Consumers, unable to make rands or sense of the many plans available and what they’re actually offering, are often tempted to migrate to what is perceived as a more affordable plan, but with less coverage.
“Comparing the average percentage increase in isolation is not an indicator of the value of the healthcare being provided,” said Gerhard Van Emmenis, principal officer of Bonitas Medical Fund. “We urge consumers to compare monthly contributions with the benefits to ensure they are getting the cover they need,” he said.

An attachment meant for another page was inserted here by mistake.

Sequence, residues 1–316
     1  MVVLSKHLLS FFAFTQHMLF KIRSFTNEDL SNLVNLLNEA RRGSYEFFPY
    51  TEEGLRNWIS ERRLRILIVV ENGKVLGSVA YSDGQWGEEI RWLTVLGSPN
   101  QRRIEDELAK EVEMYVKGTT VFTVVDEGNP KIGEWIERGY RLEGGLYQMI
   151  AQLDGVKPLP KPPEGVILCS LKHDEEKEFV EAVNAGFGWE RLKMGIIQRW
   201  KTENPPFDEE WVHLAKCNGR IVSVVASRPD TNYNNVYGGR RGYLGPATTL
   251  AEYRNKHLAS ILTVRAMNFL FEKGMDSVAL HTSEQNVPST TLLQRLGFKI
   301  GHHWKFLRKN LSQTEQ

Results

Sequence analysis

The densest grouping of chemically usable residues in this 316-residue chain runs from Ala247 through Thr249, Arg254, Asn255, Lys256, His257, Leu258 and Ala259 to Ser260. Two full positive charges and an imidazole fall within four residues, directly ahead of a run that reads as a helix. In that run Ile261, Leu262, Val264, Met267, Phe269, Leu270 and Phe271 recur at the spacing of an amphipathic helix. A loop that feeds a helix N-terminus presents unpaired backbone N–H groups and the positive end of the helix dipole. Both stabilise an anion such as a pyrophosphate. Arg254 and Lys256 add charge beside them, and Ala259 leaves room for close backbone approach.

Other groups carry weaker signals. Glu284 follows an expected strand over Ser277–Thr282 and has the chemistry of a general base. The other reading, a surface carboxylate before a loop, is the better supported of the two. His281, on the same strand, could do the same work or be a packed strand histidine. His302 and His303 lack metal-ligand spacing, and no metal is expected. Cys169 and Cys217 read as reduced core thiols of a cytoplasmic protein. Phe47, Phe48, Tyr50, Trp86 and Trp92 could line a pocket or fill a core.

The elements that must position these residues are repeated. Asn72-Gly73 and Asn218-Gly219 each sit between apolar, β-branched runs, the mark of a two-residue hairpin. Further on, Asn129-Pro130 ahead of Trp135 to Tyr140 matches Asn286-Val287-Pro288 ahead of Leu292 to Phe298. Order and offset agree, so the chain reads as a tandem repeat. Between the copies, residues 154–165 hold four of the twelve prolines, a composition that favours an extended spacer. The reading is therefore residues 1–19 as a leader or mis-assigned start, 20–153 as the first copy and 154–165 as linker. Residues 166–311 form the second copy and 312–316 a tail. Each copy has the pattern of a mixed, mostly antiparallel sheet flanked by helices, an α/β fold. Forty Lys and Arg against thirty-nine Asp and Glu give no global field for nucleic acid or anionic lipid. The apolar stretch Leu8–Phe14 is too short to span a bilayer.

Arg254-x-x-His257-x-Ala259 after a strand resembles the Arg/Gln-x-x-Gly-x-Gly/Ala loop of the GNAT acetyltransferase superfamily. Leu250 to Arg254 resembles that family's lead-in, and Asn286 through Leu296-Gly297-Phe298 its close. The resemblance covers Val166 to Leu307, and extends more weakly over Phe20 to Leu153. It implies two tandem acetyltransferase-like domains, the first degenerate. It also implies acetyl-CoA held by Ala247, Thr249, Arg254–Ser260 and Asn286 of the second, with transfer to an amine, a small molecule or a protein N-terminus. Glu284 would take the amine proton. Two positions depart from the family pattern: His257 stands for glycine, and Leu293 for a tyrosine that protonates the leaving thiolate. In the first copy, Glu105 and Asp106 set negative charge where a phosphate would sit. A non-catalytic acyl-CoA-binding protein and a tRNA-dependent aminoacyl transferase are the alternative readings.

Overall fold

He maintains that simply comparing the average percentage increase announced by the various schemes is not a litmus test for value for money, since it does not take into account the basis on which the increase applies.
Here is a simple maths example: Two schemes offer the same benefits, however, Scheme A costs R1000 per month, while Scheme B costs R1100pm. If Scheme A announces a 10percent increase (R1100pm) and Scheme B announces a 7percent increase (R1177) but neither change or increase the benefits, then Scheme A is still providing the same benefits, at a lower cost, even though it announced a higher contribution increase.